- Current status of planning of protected natural areas and the Network Natura 2000
- Evolution of the economic and human resources dedicated to the management of protected areas,
- Management effectiveness
- Examples of new governance models
- Evolution of visits to national and natural parks
- Contribution to the welfare of the society of these territories.
- Perspectives on connectivity and adaptation to climate change
The Yearbook comes out just one year before the balance of the 20 Aichi Targets assumed a decade ago by the Convention on Biological Diversity, that aimed to halt biodiversity loss on the planet, ensure the sustainable use of natural resources and equitably distribute the benefits of conservation. The review shows that Spain will partially fulfill some of the commitments in terms of quantitative targets, specifically those set out in Target 11.
In Spain, over 27% of the protected terrestrial area and about 13% of marine protected waters are included in the Natura 2000 network,
making Spain with one of the European countries with the largest Natura 2000 coverage. In quantitative terms and on a global scale, there is a positive evolution. Currently, 238,563 protected areas are covered covering 20 million km2, equivalent to 14.9% of the land area. With regard to marine protection, it would have reached 7%, mainly in the exclusive economic zone (up to 200 nautical miles, with 16.8% and only 1.2% beyond 200 nautical miles from the coast).
However, Target 11 also poses complex challenges. In addition to designating places with the implications of previous studies, social-political commitment, they must be managed effectively and equitably. And needs to be connected and integrated into the territory. Evaluating these aspects requires necessarily deepen the analysis of the means (legal, material, economic and human resources) and procedures governing the management of such sites.
From numbers… to management effectiveness
Significant progress has also been made in the management of protected areas, but, nevertheless, despite the overcoming of the most difficult years of the economic crisis, the average investment in the parks continues to fall, which does not comply with the increase in the number of visitors.
Investment in protected areas and its efficient management are strategic in an ecological transition horizon, the fight against climate change and education and enjoyment of the values of nature. With an average investment in parks continuing to decrease € 54 / ha in national parks (the lowest registered) and € 26 / ha in natural parks (values similar to 2010), EUROPARC Spain, claims that budgetary allocations of protected areas need to be improved, so that they can adequately meet their very important functions.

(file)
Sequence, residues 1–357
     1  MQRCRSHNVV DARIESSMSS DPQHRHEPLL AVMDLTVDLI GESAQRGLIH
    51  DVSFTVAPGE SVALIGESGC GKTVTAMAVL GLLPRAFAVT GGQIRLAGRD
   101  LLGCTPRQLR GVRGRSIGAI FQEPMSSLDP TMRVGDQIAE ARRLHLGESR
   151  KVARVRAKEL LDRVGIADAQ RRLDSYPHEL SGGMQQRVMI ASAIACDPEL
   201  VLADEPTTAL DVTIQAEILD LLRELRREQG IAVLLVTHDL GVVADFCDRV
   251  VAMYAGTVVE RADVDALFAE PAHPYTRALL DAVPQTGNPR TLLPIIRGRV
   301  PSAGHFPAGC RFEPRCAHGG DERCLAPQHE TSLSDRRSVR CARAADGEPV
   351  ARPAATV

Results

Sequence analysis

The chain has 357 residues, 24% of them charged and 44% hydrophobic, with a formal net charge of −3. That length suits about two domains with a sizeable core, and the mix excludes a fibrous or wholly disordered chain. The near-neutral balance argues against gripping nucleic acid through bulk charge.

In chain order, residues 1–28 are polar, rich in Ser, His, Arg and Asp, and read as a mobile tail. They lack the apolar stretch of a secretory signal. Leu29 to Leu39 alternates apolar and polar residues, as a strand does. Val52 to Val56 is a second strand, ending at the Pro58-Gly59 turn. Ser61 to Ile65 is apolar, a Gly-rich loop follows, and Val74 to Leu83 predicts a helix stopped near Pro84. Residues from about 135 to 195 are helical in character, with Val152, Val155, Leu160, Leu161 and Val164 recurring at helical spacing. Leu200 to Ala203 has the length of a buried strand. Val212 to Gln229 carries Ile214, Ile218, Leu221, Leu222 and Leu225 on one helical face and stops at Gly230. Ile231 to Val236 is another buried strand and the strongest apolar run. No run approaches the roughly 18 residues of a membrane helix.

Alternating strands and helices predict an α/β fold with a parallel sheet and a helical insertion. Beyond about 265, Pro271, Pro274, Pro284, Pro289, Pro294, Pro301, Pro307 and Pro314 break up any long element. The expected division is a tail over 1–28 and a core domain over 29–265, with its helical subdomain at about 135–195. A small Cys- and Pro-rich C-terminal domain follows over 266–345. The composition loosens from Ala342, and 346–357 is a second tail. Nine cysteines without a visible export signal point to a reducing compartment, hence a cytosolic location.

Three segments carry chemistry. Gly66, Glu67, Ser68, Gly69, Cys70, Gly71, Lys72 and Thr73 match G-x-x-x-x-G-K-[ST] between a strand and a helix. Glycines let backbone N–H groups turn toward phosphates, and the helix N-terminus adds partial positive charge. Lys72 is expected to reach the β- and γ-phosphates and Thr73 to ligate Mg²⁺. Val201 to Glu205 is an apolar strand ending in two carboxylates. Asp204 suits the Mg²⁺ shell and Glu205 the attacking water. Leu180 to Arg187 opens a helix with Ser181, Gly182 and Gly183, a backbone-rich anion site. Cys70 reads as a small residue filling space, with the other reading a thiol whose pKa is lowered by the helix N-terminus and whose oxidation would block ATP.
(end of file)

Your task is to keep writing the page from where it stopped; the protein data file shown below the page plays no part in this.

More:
For the promotion and strengthening of protected areas as preferential territories for the conservation of nature and sustainable development, in harmony with the United Nations Sustainable Development Goals (ODS).
The state of Spanish protected areas in a nutshell:
1) The 27% of the protected land area has been exceeded, included in the Natura 2000 Network, and almost 13% of the marine surface has been protected. Spain has complied with the international commitment to declare at least 17% of land and 10% of the marine surface.
2) There are 15 national parks and 152 natural parks declared in Spain. There are also 291 nature reserves, 342 natural monuments, 57 protected landscapes, and more than 800 spaces, usually of small size, designated with other figures developed by the autonomous communities.
3) Between 2017 and 2018, 16 new protected natural areas have been declared in five autonomous communities. Furthermore, the large marine protected area of the Mediterranean Cetacean Migration Corridor has been also declared.
4) Among the new areas protected by international schemes, the Ponga Biosphere Reserve has been declared: Spain is the country that hosts the highest number Biosphere Reserves, with a total number of 49. Additionally, a new RAMSAR site, a new Geopark and a new UNESCO natural site have been declared.
5) Significant progress has been made in planning: 80% of national parks and 61% of natural parks have PRUGs (Use and Management Master Plans). 70% of the Natura 2000 spaces have an approved management tool.
6) Average investments in parks continue a decreasing trend: € 54 / ha in national parks (the lowest registered) and € 26 / ha in natural parks (values similar to 2010).
7) The human resources dedicated to the management of the parks follow a similar pattern since 2012: an average of 87 people in national parks and 12 in natural parks.
8) The estimated number of visitors in national and natural parks exceeds 30 million, with an increasing trend in national parks.
9) 43% of the agreements of land stewardship, a tool for involving society in conservation, have been implemented totally or partially in spaces adhered to the Network Natura 2000, covering a surface of more than 265,000 hectares.
10) The State Strategy for green infrastructure, connectivity and ecological restoration has been released to the public and it is still in the process of formal approval. Additionally, several autonomous communities have approved strategic documents.